To further verify the 2D perovskite layer's presence on 3D perovskites, XPS measurements were carried out on the classical 2D, 3D, and 3D/2D perovskite films as shown in Fig. 3. The C 1s core-level spectrum (Fig. 3a) of the pristine 2D PEA2PbI4 perovskite film contains three components which are consistent with a previous report: the ≈284.6 eV component is assigned to surface absorbed amorphous carbon (C–C), the ≈286.2 eV peak is attributed to the C–N bond in PEAI, and the peak at a binding energy of ≈291.7 eV is assigned to the π–π* shakeup satellite peak for carbon in aromatic systems, the phenyl functional group in the PEA+ cation, in this case. The kinetic energy of the emitted photoelectrons from carbon is reduced due to the delocalized aromatic π system. The presence of this satellite peak confirms the presence of the 2D perovskite layer. The C 1s spectrum of the pristine 3D perovskite film also consists of three components, peaks at 284.6 eV, 286.2 eV, and 288.2 eV, which can be attributed to C–C, C–N, and C[double bond, length as m-dash]N, respectively. The FA+ and MA+ cations are confirmed by the presence of the peaks for C–N and C[double bond, length as m-dash]N bonding. In other 3D/2D perovskite films, the Rb5 film processed with 1 mg mL−1 of the PEAI solution still shows similar features to the classic 3D Rb5 perovskite film (see Fig. S6a, ESI). This observation is consistent with the XRD results. As the PEAI solution concentration increased to 5 mg mL−1 and 10 mg mL−1, the 2D perovskite features became more pronounced, where the π–π* shakeup satellite peak increases accompanied by the decrease of C[double bond, length as m-dash]N from the FA+ cation (Fig. S6, ESI). This observation is consistent with the increased thickness of the 2D perovskite layer in the 3D/2D perovskite heterostructure. This phenomenon was also confirmed by the N 1s spectra, as shown in Fig. 3b. The bonds of C–N (401.9 eV) and C[double bond, length as m-dash]N (400.3 eV) from the FA+ cation can be observed in the N 1s spectrum of pristine 3D (i.e., M0 and Rb5), while the classic 2D PEA2PbI4 perovskite film only shows one bond feature of C–N (401.9 eV). Fig. S6 (ESI) shows that the 2D perovskite peak at higher binding energy became more dominant as the PEAI solution concentration increases, indicating a thicker 2D perovskite film.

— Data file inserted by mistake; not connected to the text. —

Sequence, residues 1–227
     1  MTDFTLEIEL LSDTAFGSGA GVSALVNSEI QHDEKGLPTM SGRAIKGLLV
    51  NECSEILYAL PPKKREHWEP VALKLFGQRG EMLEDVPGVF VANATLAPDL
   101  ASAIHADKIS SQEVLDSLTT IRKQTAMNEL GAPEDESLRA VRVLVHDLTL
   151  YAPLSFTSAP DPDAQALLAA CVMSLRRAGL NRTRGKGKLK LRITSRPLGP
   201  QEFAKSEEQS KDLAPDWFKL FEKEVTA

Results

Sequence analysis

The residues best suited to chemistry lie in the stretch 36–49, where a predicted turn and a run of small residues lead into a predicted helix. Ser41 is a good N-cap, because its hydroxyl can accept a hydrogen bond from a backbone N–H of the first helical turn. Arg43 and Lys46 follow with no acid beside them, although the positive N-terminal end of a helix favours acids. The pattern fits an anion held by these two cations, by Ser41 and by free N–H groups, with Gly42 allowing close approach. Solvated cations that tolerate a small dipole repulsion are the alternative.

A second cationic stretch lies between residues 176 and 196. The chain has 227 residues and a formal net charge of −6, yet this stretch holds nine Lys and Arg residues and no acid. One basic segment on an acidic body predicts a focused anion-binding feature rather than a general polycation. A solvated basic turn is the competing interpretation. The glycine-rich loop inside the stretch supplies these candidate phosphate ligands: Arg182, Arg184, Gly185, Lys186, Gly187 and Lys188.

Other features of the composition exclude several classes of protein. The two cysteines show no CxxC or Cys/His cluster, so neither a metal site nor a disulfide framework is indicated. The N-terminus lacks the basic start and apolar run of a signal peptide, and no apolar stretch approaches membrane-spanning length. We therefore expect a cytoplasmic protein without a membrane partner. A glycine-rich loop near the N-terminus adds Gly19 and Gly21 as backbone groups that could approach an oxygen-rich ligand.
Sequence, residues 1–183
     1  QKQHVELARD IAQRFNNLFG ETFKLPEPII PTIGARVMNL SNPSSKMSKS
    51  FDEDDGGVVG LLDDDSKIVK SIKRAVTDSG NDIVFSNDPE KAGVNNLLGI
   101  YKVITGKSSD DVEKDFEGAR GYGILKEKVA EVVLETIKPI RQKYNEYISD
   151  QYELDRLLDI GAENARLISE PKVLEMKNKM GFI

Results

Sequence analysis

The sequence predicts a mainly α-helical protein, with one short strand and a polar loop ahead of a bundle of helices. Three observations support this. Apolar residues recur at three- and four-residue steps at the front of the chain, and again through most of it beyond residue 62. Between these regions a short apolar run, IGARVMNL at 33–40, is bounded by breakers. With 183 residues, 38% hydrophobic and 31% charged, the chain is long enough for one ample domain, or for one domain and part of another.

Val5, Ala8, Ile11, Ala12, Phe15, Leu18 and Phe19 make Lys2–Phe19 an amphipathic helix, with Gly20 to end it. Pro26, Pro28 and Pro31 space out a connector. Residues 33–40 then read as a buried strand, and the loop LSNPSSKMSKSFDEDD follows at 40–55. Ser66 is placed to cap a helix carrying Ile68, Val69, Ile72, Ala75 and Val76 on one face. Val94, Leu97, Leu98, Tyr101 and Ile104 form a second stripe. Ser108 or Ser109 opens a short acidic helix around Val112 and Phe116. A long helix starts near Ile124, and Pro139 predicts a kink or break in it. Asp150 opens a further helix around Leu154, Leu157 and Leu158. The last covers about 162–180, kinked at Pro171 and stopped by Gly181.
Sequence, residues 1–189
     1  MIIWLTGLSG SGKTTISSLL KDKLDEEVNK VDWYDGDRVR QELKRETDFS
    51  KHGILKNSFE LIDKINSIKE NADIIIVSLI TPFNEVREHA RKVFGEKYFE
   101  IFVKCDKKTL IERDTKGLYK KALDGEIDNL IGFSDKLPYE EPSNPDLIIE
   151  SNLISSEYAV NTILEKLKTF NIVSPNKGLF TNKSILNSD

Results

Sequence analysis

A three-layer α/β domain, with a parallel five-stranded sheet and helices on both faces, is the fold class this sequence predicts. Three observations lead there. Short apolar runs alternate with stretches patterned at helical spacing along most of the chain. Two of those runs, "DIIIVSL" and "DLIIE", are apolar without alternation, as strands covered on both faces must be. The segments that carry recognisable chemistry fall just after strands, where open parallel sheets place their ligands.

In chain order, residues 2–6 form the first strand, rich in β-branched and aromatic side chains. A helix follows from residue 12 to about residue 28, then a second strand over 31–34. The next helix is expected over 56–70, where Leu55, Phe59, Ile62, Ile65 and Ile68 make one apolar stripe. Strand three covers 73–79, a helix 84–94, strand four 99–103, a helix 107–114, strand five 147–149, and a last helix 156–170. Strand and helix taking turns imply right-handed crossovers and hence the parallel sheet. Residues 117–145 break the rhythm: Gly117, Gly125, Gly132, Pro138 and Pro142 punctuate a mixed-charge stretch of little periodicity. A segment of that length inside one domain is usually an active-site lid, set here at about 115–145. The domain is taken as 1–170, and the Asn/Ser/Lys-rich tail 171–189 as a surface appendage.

image file: d0ma00967a-f3.tif
Fig. 3 Representative XPS core-level spectra of (a) C 1s and (b) N1s of the classical 2D PEA2PbI4, M0, Rb5, and Rb5/2D perovskite films. The y-axis is on a log scale to facilitate the view of the low-intensity peak.

Distribution of chemical components throughout the pure 3D and 3D/2D perovskites

To further analyze the distribution of chemical components throughout the films, depth-profile XPS was conducted for pure 3D and 3D/2D perovskite films. The interfacial region between the perovskite film and substrate was determined by an abrupt decrease of the Pb 4f signal accompanied by the increase of the O 1s and In 3d signals from the ITO substrate. The film thicknesses were measured by profilometry and ellipsometry (as shown in Fig. S1, ESI). Fig. 4 illustrates the 3D/2D perovskite film (i.e., Rb5/2D) elemental composition as a function of the depth profile collected using XPS by using in situ Ar+ sputtering. To compare with its 3D counterpart, the depth-profile XPS of the Rb5 perovskite film is also shown in Fig. S7 and S8 (ESI). The sputtering time was converted to the sampling depth with the assumption that the etching rate was constant. Fig. 4a shows the XPS spectra in the 80 eV to 10 eV range covering the Br 3d (70–67 eV), I 4d (53–47 eV), and Pb 5d (24–18 eV) core levels. This representation's practical advantage is that information from bromide, iodide, and lead is acquired in the same spectral window, giving an accurate relative intensity ratio at a specific probing depth, which can be easily compared without laborious calculations. As shown in Fig. 4a, both I and Br are observed on the surface of the 3D/2D perovskite layer.
image file: d0ma00967a-f4.tif